Presentation on theme: "What is sociology? The systematic study of human society"— Presentation transcript:
1 What is sociology? The systematic study of human society (Macionis 2008:2)The study of social life, social change, and the social causes and consequences of human behavior.American Sociological Association
2 Seeing the General in the Particular Sociologists look for general patterns of behavior in particular people.(Macionis 2008:2)Recognizing how the general categories into which we fall, impact the experiences of our daily lives.
3 Seeing the Strange in the Familiar Giving up the idea that everything that occurs in our life is a matter of what we decide and accepting the idea that social forces and experiences impact the decisions we make.Why are you at Oakton? Why do some people go to Northwestern and others don’t?
4 The Sociological Imagination The ability to see the impact of society on our everyday lifeThose who are marginalized are generally better able to use it.Sometimes develops as a result of crisis
5 Global Perspective Allows us to see our society’s place in the world High income countries – industrialized; most people live in material abundance Middle income countries – limited industrialization and moderate income Low income countries – little industrialization; severe poverty is the rule.
6 The Beginnings of Sociology Social ContextNew industrial economyThe growth of citiesPolitical change
7 Growth of Scientific Study Positivisma means of understanding the world through sciencePositivist thought had become an important aspect in the study of the physical world, so it made sense to apply it to the social world.
8 Auguste ComteAmong the earliest theorists to use science to exam the social world.Created the term “sociology” to describe the scientific study of society in 1838
9 Macrosociology – looks at the world on the large (global) scale Levels of AnalysisMacrosociology – looks at the world on the large (global) scaleMicrosociology – looks at the world on a smaller scale; of from an individual perspective.
11 The Functionalist Paradigm a framework that sees society as a complex system whose various parts work together to allow society to functionbelieves our lives are guided by social structure – stable patterns of social behaviorstructures are understood through their social functions and consequences for the operation of society
12 Emile DurkhiemStressed the use of social facts – aspects of social life that shape our actions as individualsOrganic Solidarity (society as human body)Mechanical Solidarity (no differentiation)Anomie
13 Herbert Spencer Studied sociobiology Coined the term “survival of the fittest”
14 Robert K. MertonDeveloped the concepts of manifest and latent functionsManifest – the recognized and expected consequences of social patternsLatent – unexpected and often unrecognized consequences
15 Criticisms of the Functionalist Paradigm Structural-Functionalism glosses over issues of inequalityits focus on stability often ignores conflict and change
16 Social Conflict Paradigm sees society as an arena of inequality that generates conflict and changefocuses on divisions through inequalityexamines the unequal distribution of money, power, education, and social prestigeargues that social structure benefits some people while depriving others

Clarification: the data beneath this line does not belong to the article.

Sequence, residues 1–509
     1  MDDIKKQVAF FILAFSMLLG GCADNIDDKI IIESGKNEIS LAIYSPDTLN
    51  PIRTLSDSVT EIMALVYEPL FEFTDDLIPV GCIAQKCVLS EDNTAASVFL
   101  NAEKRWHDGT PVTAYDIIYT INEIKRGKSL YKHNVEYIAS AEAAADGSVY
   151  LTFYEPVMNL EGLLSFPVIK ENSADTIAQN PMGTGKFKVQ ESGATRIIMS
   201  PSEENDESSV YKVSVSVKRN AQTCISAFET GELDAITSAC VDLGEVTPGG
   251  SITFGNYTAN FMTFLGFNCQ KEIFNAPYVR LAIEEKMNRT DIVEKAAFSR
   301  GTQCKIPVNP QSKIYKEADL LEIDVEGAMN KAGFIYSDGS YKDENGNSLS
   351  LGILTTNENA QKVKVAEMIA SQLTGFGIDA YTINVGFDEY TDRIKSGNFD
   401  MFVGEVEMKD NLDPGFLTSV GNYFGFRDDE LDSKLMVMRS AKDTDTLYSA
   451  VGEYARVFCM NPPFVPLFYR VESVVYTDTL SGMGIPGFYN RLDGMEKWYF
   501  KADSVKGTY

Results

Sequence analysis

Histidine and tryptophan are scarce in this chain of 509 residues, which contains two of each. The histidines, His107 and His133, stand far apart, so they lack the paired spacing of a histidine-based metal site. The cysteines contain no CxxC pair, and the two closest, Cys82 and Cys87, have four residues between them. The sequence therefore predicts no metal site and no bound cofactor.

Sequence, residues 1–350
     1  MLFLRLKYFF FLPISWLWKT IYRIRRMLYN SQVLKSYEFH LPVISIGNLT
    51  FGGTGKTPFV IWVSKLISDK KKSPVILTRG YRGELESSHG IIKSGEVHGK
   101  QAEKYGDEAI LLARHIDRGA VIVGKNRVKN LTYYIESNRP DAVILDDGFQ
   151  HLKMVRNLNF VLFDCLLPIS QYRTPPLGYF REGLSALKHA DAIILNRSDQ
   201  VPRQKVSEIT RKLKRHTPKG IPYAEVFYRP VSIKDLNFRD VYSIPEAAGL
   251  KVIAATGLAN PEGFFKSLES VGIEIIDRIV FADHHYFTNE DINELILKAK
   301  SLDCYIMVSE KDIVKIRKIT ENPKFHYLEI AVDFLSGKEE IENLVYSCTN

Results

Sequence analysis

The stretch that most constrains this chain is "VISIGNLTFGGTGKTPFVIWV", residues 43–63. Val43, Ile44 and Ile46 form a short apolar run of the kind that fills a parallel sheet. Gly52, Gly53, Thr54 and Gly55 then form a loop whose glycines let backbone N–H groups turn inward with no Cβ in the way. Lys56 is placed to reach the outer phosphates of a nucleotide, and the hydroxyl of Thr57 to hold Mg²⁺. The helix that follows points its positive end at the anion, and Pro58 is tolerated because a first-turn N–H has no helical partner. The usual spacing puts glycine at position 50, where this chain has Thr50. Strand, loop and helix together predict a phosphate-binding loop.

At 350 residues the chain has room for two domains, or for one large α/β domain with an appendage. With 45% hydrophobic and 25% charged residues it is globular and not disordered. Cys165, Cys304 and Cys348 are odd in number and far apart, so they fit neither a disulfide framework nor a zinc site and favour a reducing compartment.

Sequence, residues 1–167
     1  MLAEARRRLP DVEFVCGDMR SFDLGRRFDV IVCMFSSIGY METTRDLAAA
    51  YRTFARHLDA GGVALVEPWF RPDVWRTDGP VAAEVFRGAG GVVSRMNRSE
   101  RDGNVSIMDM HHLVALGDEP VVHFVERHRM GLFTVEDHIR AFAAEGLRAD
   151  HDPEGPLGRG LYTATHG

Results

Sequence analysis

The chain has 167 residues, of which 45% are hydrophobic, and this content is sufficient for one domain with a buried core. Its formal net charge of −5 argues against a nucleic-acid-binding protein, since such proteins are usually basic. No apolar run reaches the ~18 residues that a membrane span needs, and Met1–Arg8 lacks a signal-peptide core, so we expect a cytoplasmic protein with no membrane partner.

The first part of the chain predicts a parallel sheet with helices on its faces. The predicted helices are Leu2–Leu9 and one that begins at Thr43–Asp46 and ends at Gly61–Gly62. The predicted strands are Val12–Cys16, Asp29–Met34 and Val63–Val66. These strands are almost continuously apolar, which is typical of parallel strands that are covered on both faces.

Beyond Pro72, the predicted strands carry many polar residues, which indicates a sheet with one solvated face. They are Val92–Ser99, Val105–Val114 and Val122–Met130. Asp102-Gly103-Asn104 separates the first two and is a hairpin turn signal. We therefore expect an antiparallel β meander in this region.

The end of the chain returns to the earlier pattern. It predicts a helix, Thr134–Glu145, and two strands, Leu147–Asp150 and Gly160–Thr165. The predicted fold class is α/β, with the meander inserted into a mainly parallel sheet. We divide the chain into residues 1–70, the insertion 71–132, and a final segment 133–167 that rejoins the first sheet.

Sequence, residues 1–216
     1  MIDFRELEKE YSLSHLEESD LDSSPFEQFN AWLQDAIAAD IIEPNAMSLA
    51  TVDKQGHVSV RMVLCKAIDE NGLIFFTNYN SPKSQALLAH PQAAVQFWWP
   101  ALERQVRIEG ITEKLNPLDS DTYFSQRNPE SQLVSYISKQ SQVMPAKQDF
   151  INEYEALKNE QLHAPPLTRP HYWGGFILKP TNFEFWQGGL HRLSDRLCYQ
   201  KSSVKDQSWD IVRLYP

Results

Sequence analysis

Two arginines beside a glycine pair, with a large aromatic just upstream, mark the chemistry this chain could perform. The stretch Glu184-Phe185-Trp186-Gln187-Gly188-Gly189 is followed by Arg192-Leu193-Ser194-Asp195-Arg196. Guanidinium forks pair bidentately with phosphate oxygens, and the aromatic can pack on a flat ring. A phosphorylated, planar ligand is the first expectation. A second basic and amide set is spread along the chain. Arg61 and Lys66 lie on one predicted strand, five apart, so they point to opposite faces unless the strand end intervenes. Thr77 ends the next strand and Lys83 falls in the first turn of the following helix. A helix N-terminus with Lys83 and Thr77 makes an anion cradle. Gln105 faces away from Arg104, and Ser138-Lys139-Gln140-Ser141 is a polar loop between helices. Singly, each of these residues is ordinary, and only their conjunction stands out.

17 Karl Marx Economics the most important defining factor of society Materialist conception of history (how we produce material goods shapes our experience)Bourgeoisie and Proletariat
18 Race Conflict Paradigm Focal point of social research had been whitesAddresses inequality and conflict between people of different races and ethnicitiesPoints out contributions made by people of color
19 W. E. B. DuBois First African American to earn a doctorate at Harvard Founding member of the NAACPResearch addressed issues of race and conflict
20 Feminist Paradigm (Gender Conflict Approach) As with all other sciences, the focal point of social research had been menfocus is on the intersection of gender, race, and classStresses advocacy for political and social activities
21 Harriet Martineau First woman sociologist Argued that when studying any society, one must look at all aspects of itSaid women’s lives must be studiedFirst to study issues such as marriage, children, race relations, and religious and domestic life
22 Jane Addams Founded Hull House to assist immigrants Brought various groups of people (from poor immigrants to wealthy businessmen) together to discuss social issues.Worked for women’s suffrageHelped found the NAACPHelped found the ACLUWon the Nobel Peace Prize
23 Criticism of Conflict Paradigm Doesn’t address shared values or interdependence that leads to unity
24 Microsociology Symbolic Interactionist Paradigm Focuses on social interaction in specific situationsSees society as the product of the everyday interactions of individualsShared reality – we construct our reality as we interact with one anotherDefinition of reality differs from one person to the next
25 Max Weber understand setting through point of view of those in it Studied bureaucracy
26 George Herbert MeadWe build our personalities through our social experiences
27 Criticism of Symbolic Interactionism Tends to overlook social structures and the widespread effects of culture.
28 Other Important Paradigms Rational ChoiceIf there could be only one explanation for the actions we take, it would be self-interest.
29 Other Important Paradigms PostmodernThere is no longer an historical context for our social developmentModern society is pluralistic and diverse